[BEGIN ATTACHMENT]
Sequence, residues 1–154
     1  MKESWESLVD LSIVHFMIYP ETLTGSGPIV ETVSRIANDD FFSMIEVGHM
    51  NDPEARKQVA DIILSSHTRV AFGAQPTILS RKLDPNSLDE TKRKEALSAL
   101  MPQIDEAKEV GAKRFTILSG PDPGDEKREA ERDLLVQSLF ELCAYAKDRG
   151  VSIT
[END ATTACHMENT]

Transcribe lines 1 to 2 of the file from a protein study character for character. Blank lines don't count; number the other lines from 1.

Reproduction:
Sequence, residues 1–154
     1  MKESWESLVD LSIVHFMIYP ETLTGSGPIV ETVSRIANDD FFSMIEVGHM